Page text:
Why do the Association of Certified Fraud Examiners and the American Institute of Certified Public Accountants work together? The main reason is to protect the public interest, according to AICPA President and CEO Barry C. Melancon, CPA. "Both organizations are dedicated to helping business succeed," Melancon says in a recent interview. "Fraud detection and protection are important components of that mission."
Through the years, the ACFE and the AICPA have cooperated on several projects including the Institute for Fraud Prevention (www.acfe.com/fraud/view.asp?ArticleID=602), and several joint educational presentations such as the recent "Fraud and the Tone at the Top." (www.acfe.com/about/press-release-08-24-2006.asp)
But beyond the cooperative efforts, each organization offers its members (many of whom belong to both the ACFE and the AICPA) the strength of its specialties, Melancon says. "Both organizations' members are known for their competence, integrity, and experience."
Melancon spoke to Fraud Magazine from his office in New York, N.Y., as the AICPA began consolidating its operations in Durham, N.C.
What do you see as the goal of the ACFE/AICPA joint presentation of "Fraud & the Tone at the Top?"
As we all know, there is a distinct correlation between the commission of fraud and the stance taken by management, or the "tone at the top." We saw it with Enron, WorldCom, Tyco and other high-profile scandals. ACFE produced an excellent paper on the subject, "Tone at the Top: How Management Can Prevent Fraud in the Workplace." [See article by Suzanne Mahadeo here.] The objective of our joint presentation is to reinforce the understanding that everything emanates from the executive suite. If management's ethics are compromised, that attitude trickles down, and the likelihood of fraud is greater.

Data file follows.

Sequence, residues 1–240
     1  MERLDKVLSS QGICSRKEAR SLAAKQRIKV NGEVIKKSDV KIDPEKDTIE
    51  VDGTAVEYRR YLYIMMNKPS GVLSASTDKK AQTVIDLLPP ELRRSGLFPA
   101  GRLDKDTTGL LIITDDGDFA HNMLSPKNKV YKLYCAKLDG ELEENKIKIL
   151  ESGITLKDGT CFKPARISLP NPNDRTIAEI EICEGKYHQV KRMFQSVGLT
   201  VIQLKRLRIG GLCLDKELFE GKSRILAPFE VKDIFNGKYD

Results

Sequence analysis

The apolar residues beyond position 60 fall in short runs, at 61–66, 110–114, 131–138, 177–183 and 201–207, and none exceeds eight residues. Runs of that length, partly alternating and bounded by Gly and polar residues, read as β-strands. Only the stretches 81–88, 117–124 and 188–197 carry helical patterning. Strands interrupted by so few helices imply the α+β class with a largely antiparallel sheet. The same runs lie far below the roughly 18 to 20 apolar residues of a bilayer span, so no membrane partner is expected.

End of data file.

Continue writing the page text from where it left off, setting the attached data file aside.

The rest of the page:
Twenty percent of the ACFE members are CPAs and 31 percent of all CFEs are also CPAs. How has the cooperation between the AICPA and the ACFE been beneficial for both associations and the profession? What are the strengths of both groups that can help members, the business community, and the public?
The AICPA has enjoyed a long-term working relationship with the ACFE. Both the ACFE and the AICPA share the ultimate goal: protection of the public interest. Both organizations are dedicated to helping business succeed. Fraud detection and protection are important components of that mission. We jointly founded the Institute for Fraud Prevention to produce research and education. Both organizations' members are known for their competence, integrity, and experience. They share some of the same skill sets. As you yourself note, the two organizations share members. I think that's one of the most positive aspects of our working relationship. Joe Wells [ACFE founder and Chairman] is himself a CPA. I have to say that the entire field of forensics owes a great deal to Joe for his commitment and energy.